The Nonviolent Communication (NVC) movement and American Buddhism grew up on the same block. In the 1960s, as Buddhist thought began to take root in the wider culture, Marshall Rosenberg left his psychology practice behind to create NVC, finding fertile ground in the peacemaking initiatives of the era. Rosenberg’s approach to communication is based on the view that all human beings share the same fundamental needs, and that our actions are attempts to meet those needs. Conflict occurs at the level of our strategies (our ideas about how to meet our needs).
In a 2002 article for Tricycle, longtime Buddhist practitioner and contributing editor Katy Butler described her experience training at the Center for Nonviolent Communication, remarking how NVC’s “emphasis on peacemaking, mindfulness, and nonjudgmental awareness complements Buddhist practice,” and noting that a number of American Buddhists had already discovered the overlapping values.
Now, a new book has brought the two practices together. Buddhist teacher and NVC trainer Oren Jay Sofer’s Say What You Mean: A Mindful Approach to Nonviolent Communication serves as a field guide for communicating skillfully and ethically by integrating mindfulness and NVC practices into our personal lives. The book is packed with advice and exercises to help readers break old habits of thought and speech and communicate more clearly and authentically.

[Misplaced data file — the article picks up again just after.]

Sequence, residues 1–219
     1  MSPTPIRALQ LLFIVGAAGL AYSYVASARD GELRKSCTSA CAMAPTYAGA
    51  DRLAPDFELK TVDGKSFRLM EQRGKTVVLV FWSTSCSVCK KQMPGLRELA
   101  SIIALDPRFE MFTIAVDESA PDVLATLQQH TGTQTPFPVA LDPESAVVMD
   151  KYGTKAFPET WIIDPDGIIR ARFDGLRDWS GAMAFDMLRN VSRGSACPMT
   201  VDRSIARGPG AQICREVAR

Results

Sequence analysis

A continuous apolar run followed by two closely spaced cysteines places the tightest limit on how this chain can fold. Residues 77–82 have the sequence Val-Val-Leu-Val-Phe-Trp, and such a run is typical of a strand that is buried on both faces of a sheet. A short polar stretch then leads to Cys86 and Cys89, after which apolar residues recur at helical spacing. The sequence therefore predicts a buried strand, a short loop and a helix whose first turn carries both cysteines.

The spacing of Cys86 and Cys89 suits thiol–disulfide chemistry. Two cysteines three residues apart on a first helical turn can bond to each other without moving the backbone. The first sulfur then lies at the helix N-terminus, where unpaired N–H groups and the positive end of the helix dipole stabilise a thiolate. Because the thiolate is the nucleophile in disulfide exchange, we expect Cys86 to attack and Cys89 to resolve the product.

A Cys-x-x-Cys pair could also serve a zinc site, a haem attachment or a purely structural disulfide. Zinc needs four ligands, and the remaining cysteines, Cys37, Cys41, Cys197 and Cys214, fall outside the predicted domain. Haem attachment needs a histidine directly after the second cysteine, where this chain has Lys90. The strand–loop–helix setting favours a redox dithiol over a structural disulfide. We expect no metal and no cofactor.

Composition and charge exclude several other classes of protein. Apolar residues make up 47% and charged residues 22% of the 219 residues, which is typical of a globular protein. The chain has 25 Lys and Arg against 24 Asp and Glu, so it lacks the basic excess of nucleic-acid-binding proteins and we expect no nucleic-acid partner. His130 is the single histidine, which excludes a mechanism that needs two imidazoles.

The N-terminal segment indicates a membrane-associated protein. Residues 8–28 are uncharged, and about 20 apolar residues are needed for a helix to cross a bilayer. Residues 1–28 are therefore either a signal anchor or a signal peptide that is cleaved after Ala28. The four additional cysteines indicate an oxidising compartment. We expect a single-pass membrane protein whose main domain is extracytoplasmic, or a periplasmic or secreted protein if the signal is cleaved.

Tricycle discussed the debut book with Sofer and Sharon Salzberg, one of the co-founders of the Insight Meditation Society (IMS). Salzberg and Sofer explained how the work extends IMS’s project of making the dharma accessible in the West, the ways that NVC aligns with Buddhist teachings on right speech, and what we can do to bring the lessons of mindfulness into our relationships.
The book is titled Say What You Mean. Is that the heart of the matter—that people talk about something else because they’re either afraid or unaware of the thing that they actually want to say?